Why do we wear clean clothes

"Clean clothes" or "Who actually sews my clothes?"


Being beautiful, attractive and in fashion has a lot to do with clothing these days. Those who wear the right thing at the right moment enjoy social recognition. And since there are many occasions, we need clothes en masse: we need something different for the office than for on the go, something different for the evening than for the morning. Free time alone makes various demands on our clothes, we constantly change, we are constantly washing and constantly buying clothes. Our wardrobes are overflowing, thank God Caritas manages a bloodletting once a year. We need and own more clothes than any generation before us. And we're doing that at the expense of the rest of the world.

Because even if we buy expensive, so-called branded clothing, these items of clothing - with a few exceptions - come from sewing factories in poor countries around the world. There women and children sew together everything we wrap ourselves in for starvation wages and under sometimes unimaginable conditions.

With a Europe-wide campaign, women's associations and Catholic action groups are trying to point out these abuses, create publicity and use this public to put pressure on the multinational companies.

In South Tyrol, the Catholic women's movement supports the Clean Clothes campaign in cooperation with the OEW.

So that the multinational companies do not have to adhere to any laws, they have created a back door together with the rulers of the states concerned, who draw their personal profits from the business: the so-called free trade zones. In these there is de facto lawlessness, a lawlessness that can be used unscrupulously by companies to increase their profits. "The girls and young women in the sewing factories are at the mercy of their employers," says Dr. Christine Baumgartner, the South Tyrolean coordinator of the "Clean clothes" campaign.

The wages women get for their work bears no relation to what we end consumers pay for clothing.

Things will only change in the factories once the Western public becomes aware. Clean Clothes Germany reports the following about the Adidas factory in Hermosa / San Salvador:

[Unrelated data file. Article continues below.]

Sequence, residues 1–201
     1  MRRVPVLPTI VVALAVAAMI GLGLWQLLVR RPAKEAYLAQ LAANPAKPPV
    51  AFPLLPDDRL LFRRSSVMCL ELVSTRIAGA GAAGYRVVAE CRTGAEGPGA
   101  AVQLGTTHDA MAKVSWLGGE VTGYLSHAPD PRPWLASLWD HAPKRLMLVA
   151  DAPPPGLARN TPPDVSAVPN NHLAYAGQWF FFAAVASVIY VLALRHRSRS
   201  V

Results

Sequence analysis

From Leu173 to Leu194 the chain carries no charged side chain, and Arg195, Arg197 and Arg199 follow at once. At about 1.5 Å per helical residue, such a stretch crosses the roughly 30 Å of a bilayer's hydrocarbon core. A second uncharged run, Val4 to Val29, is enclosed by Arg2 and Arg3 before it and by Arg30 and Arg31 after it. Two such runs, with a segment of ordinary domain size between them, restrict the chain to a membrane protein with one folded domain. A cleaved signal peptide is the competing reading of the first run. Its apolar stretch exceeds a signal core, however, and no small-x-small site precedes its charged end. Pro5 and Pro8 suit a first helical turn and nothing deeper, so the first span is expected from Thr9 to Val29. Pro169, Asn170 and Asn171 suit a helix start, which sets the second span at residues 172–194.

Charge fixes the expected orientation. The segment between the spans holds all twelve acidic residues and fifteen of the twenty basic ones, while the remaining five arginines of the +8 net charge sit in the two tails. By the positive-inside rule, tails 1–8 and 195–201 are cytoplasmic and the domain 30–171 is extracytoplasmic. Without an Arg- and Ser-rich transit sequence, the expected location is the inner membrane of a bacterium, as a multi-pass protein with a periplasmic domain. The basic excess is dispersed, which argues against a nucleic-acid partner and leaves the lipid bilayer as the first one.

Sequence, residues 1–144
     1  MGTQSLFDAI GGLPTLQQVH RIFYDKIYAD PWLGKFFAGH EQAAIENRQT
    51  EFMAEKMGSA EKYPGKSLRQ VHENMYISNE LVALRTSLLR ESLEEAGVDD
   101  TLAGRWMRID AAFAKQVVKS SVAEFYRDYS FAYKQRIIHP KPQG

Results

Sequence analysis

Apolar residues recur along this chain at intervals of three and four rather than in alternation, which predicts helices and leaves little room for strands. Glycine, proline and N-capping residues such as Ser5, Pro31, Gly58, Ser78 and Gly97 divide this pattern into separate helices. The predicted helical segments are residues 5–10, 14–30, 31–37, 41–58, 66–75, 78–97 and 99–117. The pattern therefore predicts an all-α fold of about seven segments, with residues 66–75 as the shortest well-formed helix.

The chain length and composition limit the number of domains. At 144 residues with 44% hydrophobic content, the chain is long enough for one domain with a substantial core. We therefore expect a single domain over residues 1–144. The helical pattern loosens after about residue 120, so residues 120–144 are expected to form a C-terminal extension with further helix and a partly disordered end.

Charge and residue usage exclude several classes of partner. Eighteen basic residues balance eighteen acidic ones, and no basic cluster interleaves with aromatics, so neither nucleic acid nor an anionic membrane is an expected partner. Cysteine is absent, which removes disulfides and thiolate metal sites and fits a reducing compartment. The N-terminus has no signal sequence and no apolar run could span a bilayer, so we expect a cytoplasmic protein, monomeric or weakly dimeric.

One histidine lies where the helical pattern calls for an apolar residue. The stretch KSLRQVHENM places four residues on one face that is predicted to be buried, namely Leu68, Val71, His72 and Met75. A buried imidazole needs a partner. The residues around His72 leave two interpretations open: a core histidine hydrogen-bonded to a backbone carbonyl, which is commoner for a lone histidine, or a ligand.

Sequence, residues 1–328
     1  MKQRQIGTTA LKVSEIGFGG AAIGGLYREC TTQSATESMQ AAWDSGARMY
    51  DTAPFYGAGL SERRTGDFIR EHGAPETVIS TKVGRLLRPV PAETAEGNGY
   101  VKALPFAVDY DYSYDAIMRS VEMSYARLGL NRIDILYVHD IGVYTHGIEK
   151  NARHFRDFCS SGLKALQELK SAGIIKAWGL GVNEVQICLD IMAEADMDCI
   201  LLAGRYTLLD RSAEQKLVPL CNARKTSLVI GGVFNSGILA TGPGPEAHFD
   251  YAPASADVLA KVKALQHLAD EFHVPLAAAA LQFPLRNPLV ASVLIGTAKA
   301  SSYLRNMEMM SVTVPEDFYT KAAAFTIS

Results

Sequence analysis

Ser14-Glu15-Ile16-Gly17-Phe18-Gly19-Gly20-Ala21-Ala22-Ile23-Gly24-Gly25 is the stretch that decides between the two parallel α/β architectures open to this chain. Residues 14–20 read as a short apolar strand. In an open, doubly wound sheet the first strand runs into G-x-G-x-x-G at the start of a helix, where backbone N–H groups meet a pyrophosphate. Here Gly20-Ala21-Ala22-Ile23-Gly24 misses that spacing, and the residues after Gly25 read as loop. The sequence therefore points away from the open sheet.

“Despite some successes that the Clean Clothes Campaign, supported by thousands of consumers, was able to achieve in negotiations with Adidas, there are still massive labor law violations. For example, there is a de facto trade union ban in the Salvadoran factory Hermosa, which produces for Adidas. Union sympathizers have been fired and workers who previously worked in a factory where there was a company union are not allowed to be hired on the instructions of the HR manager - so that they do not bring these ideas to Hermosa. "

You can support the concerns of women by contacting Adidas and asking the company to ensure that workers are free to organize themselves without fear of reprisals (see www.oneworld.at).

After more than ten years of work, the activists of the "Clean Clothes" campaign are slowly starting to achieve success at other companies as well. In addition to Adidas, large companies such as Calida, Nike, Levis, or Triumph are slowly reacting to consumer pressure.
The "Clean Clothes" campaign of the Catholic women's movement is also looking for female supporters in South Tyrol. The South Tyrolean merchants are to be sensitized with a postcard campaign. Information material and postcards are available from the office of the Catholic women's movement in Bozen, Südtirolerstraße 28, Tel. 0471/972397, homepage www.kfb.it, and from the OEW in Bressanone. Lectures and information evenings on the topic are also offered on request.

The website at: www.oneworld.at provides detailed information on projects, current campaigns, dates, materials, etc.